I have always found my movement on rock, more mechanical than intuitive, more levers and strength, more straight-on plain – pull-down, reach-up, grab-hold, step-up, pull-down…  that natural flow I see in others, is at times, forced. I put this mechanical anatomical monotony down to weight training and gymnastics from early years combined with being a late comer to climbing.  I can almost remember the few occasions over the last twenty years I have completely entered into a state of natural flowing progression on climbs at the top of my ability. A state where I do not have to stop and think, I do not have to move-up, climb-down, move-up, climb-down. And it is these times that have been the most rewarding.

There is another factor to my mechanical and this is the self-taught, no climbing wall factor. Approximately at the age of thirty, when I began to climb I did not have a local climbing wall or a climbing partner, so I took myself away and on-sight soloed routes. At that time, climbing routes was what rock climbing was about. I didn’t watch others or experience steep ground in the safe environment of a climbing wall. There was no drop-knee, flag, twist, gaston, heel-hook, knee-bar. I didn’t learn subtle movement while bouldering and I did not learn to pull really hard or push down and continue pushing down when the shoulder reaches the same height as hand. I did not learn to rock-over with the bodyweight directly above a toe or heal or to turn a knee inside or out. I did not appreciate the footwork is as important as the handhold.

Only recently, twenty-two years down the line have I begun to learn the art of really seeing a hold and using it in the best available manner. Only recently have I begun to grip a hold and really bloody hold it. Trying exceptionally hard when rock climbing is not so natural, years of teetering above marginal protection have installed caution and shoulders, strong from weight training, have given me the ability to reach, teeter, reach, inch, inch and finally at full stretch, pinch. You would think this has brought about a mind-set to not let go and really fight, but it has possibly produced the opposite, when that extra inch of effort is required, something slightly extraordinary, I can’t see it, it feels impossible, unless practiced first, like a gymnastic movement and so falling is often the outcome.

I have taught my body to climb on rock successfully at a standard, but seldom push into a higher level, a level incorporating specific skills. Trying hard  also brings failure and for a lot of my climbing, failure spells serious injury or the feeling of, well, the feeling of failure, and this  brings about other aspects of climbing from my earlier years that have also affected performance, which is this fear of failure, or at least the fear of being seen failing, which I suppose is about ego and acceptance and wanting to feel good about yourself.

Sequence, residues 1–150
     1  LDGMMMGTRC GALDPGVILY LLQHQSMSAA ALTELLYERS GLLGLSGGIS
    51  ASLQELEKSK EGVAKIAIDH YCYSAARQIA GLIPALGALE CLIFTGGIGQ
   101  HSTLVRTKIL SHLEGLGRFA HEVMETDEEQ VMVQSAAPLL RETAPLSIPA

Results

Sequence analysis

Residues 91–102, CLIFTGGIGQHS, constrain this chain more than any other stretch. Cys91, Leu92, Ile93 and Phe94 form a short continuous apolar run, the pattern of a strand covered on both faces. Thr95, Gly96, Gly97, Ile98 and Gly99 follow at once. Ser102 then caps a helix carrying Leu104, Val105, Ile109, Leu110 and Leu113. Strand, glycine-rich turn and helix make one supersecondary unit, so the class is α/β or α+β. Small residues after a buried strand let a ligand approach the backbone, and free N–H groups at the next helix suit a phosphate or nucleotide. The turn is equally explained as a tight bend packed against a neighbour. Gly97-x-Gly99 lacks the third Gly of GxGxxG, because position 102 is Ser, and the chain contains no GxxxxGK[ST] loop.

“You’ve changed.”

Over the last couple of years I’ve often heard this, because of course I have, I’ve become older and a tad wiser for sure. Since beginning to rock climb, I’ve shuffled, crawled, crept, minced and on those marginal weather days, I’ve hunted dry rock and when dry rock could not be found, I’ve slithered. But over the last couple of years, with a massive amount of climbing logged, instead of scratting on marginal days, I’ve started to train and boulder with specific goals and in doing so, when returning outdoors, I have, for the first time, actually gripped like I mean it and when the climbing becomes difficult my brain has at last realised you have to try really hard and definitely concentrate on weighting that foothold.        

Fortunately I now feel OK about myself and I don’t need to prove anything to anyone. Some of this I’m sure is brought about by experiencing so much, but it is also about growing up and growing older and realising I’m human, just the same as everyone else… I flail, fail, fall, trip and at times my mind questions and becomes scared but the ability to push on is still there, but it is more about confidence now in new found fitness and skills and less about trying to prove myself to myself and to others. Yes I’ve changed; I’m older and happier and more content and certainly climbing rock better than ever.     

John Orr on the spectacular first pitch of Maiden Voyage, a climb that requires technical skill, stamina, and the ability to bone-down hard and then give that little bit extra… No shuffling here, no siree

Lolo,The Belgian, approaching the crux of Maiden Voyage.

Lolo on the crux of Maiden Voyage. 10 out of 10 for effort and persistence and trying over and above what you think is possible.